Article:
PainScience.com Sensible advice for aches, pains & injuries
 
 
bibliography * The PainScience Bibliography contains plain language summaries of thousands of scientific papers and others sources, like a specialized blog. This page is about a single scientific paper in the bibliography, Synnott 2015.

Physiotherapists may stigmatise or feel unprepared to treat people with low back pain and psychosocial factors that influence recovery: a systematic review

updated
Tags: chronic pain, physical therapy, biomechanics, mind, healthcare, pain problems, manual therapy, treatment, etiology, pro

PainSci summary of Synnott 2015?This page is one of thousands in the PainScience.com bibliography. It is not a general article: it is focused on a single scientific paper, and it may provide only just enough context for the summary to make sense. Links to other papers and more general information are provided at the bottom of the page, as often as possible. ★★★☆☆?3-star ratings are for typical studies with no more (or less) than the usual common problems. Ratings are a highly subjective opinion, and subject to revision at any time. If you think this paper has been incorrectly rated, please let me know.

Physiotherapists may stigmatize psychosocial factors in back pain, feel unprepared to deal with psychosocial factors, and prefer to grapple with the “more mechanical aspects” of back pain.

original abstractAbstracts here may not perfectly match originals, for a variety of technical and practical reasons. Some abstacts are truncated for my purposes here, if they are particularly long-winded and unhelpful. I occasionally add clarifying notes. And I make some minor corrections.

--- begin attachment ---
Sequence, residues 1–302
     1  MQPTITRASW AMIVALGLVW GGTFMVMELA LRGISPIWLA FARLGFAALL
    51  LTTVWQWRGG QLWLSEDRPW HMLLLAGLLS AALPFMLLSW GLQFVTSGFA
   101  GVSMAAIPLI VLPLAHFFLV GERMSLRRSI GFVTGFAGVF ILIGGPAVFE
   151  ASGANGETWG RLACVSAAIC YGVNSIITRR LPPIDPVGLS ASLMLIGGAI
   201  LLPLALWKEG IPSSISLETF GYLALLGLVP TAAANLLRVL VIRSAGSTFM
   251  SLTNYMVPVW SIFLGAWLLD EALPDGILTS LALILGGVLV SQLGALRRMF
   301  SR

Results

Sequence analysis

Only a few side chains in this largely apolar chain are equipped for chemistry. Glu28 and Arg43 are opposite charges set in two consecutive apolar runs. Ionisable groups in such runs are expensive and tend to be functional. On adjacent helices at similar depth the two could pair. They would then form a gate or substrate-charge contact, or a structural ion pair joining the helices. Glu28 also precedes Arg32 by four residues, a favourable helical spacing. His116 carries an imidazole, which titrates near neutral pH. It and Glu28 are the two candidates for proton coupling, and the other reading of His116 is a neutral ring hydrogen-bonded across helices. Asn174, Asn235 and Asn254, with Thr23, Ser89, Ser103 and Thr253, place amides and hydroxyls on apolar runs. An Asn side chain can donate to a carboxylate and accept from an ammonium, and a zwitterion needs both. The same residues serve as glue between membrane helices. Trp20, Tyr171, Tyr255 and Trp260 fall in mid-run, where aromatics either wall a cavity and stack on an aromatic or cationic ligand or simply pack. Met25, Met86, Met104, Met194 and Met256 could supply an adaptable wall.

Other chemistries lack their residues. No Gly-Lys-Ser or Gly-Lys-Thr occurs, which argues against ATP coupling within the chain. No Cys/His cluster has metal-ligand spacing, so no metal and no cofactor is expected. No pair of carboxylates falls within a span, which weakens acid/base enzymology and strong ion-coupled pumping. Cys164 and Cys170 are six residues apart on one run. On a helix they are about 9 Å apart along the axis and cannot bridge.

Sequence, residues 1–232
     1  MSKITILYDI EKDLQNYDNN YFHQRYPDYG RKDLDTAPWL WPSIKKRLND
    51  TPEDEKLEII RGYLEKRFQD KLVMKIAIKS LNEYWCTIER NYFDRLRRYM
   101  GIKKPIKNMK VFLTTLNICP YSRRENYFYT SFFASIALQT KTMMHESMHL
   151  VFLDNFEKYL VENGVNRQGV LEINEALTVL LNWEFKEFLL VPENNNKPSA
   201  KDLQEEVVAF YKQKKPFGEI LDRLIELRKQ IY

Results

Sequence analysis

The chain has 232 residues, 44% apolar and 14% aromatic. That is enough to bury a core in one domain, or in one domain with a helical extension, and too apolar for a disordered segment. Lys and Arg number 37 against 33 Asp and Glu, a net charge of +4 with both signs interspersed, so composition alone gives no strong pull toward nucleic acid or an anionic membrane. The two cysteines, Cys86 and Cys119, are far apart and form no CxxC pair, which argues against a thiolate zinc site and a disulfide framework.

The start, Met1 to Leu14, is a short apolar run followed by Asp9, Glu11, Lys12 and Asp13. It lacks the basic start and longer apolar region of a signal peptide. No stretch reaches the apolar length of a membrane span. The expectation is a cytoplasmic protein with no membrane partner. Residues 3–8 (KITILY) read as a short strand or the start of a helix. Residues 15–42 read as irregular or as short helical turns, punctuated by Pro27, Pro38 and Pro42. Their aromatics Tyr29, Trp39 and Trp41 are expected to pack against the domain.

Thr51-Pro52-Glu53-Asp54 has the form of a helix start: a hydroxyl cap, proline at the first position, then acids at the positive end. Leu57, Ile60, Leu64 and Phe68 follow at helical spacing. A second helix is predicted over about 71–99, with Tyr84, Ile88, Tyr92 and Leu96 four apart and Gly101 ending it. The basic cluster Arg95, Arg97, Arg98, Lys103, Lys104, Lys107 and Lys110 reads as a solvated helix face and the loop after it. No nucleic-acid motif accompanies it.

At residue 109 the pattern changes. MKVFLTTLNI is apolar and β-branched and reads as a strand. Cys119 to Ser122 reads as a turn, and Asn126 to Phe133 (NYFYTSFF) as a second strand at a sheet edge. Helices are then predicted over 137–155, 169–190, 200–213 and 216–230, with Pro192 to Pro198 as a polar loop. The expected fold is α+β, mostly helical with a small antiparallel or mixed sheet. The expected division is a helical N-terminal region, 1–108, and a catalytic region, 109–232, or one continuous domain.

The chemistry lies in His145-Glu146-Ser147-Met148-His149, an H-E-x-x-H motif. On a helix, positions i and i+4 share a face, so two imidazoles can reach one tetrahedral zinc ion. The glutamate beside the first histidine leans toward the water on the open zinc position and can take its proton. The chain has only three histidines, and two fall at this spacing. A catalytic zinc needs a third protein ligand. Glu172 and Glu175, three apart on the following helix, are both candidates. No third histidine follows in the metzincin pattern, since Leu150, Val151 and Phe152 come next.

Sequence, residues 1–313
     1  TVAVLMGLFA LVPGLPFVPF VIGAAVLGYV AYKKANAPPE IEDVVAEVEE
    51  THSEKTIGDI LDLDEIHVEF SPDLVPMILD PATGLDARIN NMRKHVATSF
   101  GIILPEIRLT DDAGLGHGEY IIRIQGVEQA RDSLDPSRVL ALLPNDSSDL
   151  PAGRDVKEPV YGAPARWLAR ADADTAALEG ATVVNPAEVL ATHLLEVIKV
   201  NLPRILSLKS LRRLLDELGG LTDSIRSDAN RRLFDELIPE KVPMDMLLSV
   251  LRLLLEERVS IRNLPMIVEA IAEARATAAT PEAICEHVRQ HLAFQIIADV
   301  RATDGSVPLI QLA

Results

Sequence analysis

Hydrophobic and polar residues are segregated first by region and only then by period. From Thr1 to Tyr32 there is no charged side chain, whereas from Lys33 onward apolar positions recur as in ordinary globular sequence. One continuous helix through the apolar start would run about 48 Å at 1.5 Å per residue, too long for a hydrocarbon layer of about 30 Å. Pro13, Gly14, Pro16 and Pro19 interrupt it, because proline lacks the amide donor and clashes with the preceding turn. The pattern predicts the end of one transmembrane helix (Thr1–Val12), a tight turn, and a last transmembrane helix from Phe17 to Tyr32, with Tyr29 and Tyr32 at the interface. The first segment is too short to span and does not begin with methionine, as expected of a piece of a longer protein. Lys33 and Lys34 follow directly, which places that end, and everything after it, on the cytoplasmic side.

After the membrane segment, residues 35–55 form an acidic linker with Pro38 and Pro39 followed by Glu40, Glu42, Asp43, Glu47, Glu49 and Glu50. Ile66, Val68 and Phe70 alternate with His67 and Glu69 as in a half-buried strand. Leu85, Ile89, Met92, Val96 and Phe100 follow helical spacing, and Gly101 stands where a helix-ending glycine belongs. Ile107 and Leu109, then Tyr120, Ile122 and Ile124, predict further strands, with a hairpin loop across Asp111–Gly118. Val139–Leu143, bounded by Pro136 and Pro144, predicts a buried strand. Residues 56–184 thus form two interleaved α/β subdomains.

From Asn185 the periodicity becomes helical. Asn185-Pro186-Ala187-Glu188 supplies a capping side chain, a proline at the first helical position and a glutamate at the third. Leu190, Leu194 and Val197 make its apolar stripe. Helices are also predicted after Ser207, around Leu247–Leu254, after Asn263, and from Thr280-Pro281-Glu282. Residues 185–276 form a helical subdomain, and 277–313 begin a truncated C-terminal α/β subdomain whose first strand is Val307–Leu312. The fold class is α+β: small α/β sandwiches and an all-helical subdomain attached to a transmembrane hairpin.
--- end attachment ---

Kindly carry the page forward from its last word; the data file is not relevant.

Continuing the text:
QUESTION: What are physiotherapists' perceptions about identifying and managing the cognitive, psychological and social factors that may act as barriers to recovery for people with low back pain (LBP)?

DESIGN: Systematic review and qualitative metasynthesis of qualitative studies in which physiotherapists were questioned, using focus groups or semi-structured interviews, about identifying and managing cognitive, psychological and social factors in people with LBP.

PARTICIPANTS: Qualified physiotherapists with experience in treating patients with LBP.

OUTCOME MEASURES: Studies were synthesised in narrative format and thematic analysis was used to provide a collective insight into the physiotherapists' perceptions.

RESULTS: Three main themes emerged: physiotherapists only partially recognised cognitive, psychological and social factors in LBP, with most discussion around factors such as family, work and unhelpful patient expectations; some physiotherapists stigmatised patients with LBP as demanding, attention-seeking and poorly motivated when they presented with behaviours suggestive of these factors; and physiotherapists questioned the relevance of screening for these factors because they were perceived to extend beyond their scope of practice, with many feeling under-skilled in addressing them.

CONCLUSION: Physiotherapists partially recognised cognitive, psychological and social factors in people with LBP. Physiotherapists expressed a preference for dealing with the more mechanical aspects of LBP, and some stigmatised the behaviours suggestive of cognitive, psychological and social contributions to LBP. Physiotherapists perceived that neither their initial training, nor currently available professional development training, instilled them with the requisite skills and confidence to successfully address and treat the multidimensional pain presentations seen in LBP.

related content

One article on PainScience.com cites Synnott 2015 as a source:


This page is part of the PainScience BIBLIOGRAPHY, which contains plain language summaries of thousands of scientific papers & others sources. It’s like a highly specialized blog. A few highlights: